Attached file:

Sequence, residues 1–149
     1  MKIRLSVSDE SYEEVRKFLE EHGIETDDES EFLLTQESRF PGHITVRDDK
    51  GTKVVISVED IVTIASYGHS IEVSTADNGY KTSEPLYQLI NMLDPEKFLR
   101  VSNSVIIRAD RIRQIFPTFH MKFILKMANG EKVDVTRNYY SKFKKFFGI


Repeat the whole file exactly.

Sequence, residues 1–149
     1  MKIRLSVSDE SYEEVRKFLE EHGIETDDES EFLLTQESRF PGHITVRDDK
    51  GTKVVISVED IVTIASYGHS IEVSTADNGY KTSEPLYQLI NMLDPEKFLR
   101  VSNSVIIRAD RIRQIFPTFH MKFILKMANG EKVDVTRNYY SKFKKFFGI